“We are all doing each other’s job right now…” Lori Lynn
When I first started Dynamic Work, I explored a four flexibility dimensions – Geographical, Time, Role, Commercial. Geographical (where you work) is now very much accepted even before the COVID19 crisis hit, and now it predominates (and may continue so even after the crisis subsides). Commercial flexibility has also surged in the past decade (much more than I anticipated) enabled by the “gig economy” platforms which match workers to work on all sorts of terms (eg. Uber, Deliveroo, PayPerHour). Consequently, as I start to post more about the blossoming world of Dynamic Work, I will likely focus a bit more on the areas of Time (when you work) and Role (what you do).
For the latter, Lori once again provided inspiration sharing an account of how her workplace has had to adapt to the coronavirus situation:
- There is great overlap in knowledge base and skill set between the therapies, especially between OT and SLT; OT and PT. For example, PT and OT overlap in supporting a person to move safely, achieve optimum postural support and maintain physical strength and function. To a degree, we are able to support each other and take up some slack when resources are stretched. In order to do so, we take on complementary specialist training to enable us to work together to provide specific therapies that target two or more areas. Examples would be the combination of Communication work and Physiotherapy during Rebound and Veronica Sherbourne therapy sessions. In the absence of the lead therapist, other therapists or assistants can deliver therapy, because we adhere to the specific plans set out by the lead therapist. This ability to support each other in provision of therapy to our clients will be put into greater effect during the upcoming COVID-19 crisis, when we will be trying to maintain the respiratory health of our clients who are most at risk of chest infections and serving as liaisons between clients and therapists who are not able to be on site.”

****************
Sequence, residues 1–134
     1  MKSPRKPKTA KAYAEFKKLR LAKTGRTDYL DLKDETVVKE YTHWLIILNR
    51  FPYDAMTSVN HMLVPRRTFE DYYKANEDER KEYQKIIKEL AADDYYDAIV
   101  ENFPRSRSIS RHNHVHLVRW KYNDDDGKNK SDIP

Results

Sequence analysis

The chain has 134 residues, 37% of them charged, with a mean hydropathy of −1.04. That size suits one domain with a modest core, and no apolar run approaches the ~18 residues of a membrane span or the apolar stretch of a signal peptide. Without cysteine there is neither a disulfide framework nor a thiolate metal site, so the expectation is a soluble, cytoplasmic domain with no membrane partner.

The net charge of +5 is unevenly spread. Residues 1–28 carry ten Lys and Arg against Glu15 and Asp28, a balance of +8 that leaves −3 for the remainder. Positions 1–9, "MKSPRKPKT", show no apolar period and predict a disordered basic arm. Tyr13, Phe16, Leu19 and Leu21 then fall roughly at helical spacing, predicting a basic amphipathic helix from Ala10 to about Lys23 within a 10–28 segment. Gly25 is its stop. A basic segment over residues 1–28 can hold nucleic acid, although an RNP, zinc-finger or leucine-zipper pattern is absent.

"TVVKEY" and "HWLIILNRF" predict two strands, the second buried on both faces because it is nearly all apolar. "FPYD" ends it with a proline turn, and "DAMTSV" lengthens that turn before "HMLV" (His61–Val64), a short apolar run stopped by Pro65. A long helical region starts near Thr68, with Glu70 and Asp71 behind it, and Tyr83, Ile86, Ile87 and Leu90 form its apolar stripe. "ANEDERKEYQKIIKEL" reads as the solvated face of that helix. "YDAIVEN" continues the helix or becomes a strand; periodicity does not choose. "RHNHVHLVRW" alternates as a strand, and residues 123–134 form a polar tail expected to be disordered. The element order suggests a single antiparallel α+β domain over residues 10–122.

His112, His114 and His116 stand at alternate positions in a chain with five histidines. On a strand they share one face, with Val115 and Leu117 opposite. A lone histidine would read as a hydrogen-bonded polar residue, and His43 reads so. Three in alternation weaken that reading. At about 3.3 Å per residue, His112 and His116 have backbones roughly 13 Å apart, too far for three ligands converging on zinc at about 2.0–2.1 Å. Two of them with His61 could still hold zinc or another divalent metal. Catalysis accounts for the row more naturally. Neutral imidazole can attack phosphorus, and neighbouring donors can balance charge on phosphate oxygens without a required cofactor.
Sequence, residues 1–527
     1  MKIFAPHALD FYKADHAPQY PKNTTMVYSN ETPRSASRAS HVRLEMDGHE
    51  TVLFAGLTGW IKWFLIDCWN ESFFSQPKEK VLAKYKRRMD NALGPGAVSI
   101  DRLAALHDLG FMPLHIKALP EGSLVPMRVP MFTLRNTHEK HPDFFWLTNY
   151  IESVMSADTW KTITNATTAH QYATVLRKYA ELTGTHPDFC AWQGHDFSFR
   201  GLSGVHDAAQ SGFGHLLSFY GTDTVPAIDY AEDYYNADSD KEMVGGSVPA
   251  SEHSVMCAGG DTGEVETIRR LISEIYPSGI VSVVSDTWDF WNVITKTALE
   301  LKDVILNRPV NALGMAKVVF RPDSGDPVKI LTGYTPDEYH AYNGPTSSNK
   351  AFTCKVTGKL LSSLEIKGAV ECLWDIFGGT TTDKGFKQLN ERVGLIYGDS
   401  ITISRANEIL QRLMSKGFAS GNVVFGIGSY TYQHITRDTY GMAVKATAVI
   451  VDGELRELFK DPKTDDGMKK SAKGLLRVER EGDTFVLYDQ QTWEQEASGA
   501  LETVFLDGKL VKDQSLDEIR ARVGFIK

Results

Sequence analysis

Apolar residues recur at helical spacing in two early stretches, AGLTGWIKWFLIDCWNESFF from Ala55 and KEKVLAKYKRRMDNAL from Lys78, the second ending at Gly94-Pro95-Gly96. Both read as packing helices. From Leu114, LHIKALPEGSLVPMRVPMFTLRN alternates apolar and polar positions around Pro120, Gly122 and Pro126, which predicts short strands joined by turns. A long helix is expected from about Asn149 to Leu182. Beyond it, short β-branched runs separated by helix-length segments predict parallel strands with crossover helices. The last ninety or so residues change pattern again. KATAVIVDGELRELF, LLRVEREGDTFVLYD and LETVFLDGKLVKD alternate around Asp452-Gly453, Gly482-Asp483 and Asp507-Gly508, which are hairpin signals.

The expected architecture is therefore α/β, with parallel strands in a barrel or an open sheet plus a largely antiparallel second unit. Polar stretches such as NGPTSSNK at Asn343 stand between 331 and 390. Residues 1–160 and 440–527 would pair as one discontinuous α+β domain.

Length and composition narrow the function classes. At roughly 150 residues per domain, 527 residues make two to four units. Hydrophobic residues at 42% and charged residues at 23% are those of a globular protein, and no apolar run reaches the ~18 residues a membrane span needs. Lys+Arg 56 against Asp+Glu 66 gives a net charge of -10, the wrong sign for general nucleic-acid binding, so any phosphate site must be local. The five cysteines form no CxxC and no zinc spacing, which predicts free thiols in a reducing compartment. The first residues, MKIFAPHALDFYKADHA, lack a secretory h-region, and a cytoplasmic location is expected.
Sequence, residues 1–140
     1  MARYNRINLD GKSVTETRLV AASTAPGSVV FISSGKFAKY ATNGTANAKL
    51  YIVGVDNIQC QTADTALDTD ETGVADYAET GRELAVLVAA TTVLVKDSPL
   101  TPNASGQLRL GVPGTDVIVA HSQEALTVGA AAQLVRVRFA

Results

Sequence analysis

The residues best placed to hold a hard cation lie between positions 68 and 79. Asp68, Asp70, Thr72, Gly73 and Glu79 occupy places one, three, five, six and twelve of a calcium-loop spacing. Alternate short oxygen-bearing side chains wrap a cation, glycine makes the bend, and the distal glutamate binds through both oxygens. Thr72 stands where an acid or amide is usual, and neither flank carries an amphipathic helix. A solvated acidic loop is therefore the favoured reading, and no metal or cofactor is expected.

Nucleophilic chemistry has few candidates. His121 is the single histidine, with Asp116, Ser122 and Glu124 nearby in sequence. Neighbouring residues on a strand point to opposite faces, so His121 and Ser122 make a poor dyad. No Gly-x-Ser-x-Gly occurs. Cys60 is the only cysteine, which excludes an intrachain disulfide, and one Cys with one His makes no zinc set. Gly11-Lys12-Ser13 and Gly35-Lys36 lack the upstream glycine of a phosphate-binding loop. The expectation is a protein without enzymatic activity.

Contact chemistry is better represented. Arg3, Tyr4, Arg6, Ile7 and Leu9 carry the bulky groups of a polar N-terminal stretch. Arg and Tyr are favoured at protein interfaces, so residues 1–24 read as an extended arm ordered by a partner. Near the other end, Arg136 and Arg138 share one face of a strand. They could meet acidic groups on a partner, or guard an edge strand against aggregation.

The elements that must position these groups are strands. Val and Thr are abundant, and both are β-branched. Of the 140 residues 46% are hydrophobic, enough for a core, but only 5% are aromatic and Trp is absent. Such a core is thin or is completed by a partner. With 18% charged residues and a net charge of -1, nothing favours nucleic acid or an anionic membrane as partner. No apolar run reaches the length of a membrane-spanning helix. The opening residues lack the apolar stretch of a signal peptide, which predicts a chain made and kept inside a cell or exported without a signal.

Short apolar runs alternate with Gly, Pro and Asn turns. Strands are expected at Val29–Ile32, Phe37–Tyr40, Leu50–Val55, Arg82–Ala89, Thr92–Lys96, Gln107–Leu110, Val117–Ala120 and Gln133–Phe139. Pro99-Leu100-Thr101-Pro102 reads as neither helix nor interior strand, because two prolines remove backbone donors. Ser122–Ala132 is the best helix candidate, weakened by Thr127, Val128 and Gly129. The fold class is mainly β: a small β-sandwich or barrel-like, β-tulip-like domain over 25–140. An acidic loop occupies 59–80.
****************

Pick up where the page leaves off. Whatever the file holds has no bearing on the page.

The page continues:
Seth Godin’s post “What kind of org?” cleverly distinguishes between the conventional, rigid “organisation” and this more dynamic entity that behaves more like an “organism”:
- “Maybe you work with an organization. They have systems and charts and boxes. But the very nature of an organization is that someone developed it, figured it out and has to approve its changes. After all, it’s organized.Perhaps you work with an organism instead. An organism constantly changes. The cells develop, die and are replaced. It adapts to the current environment.”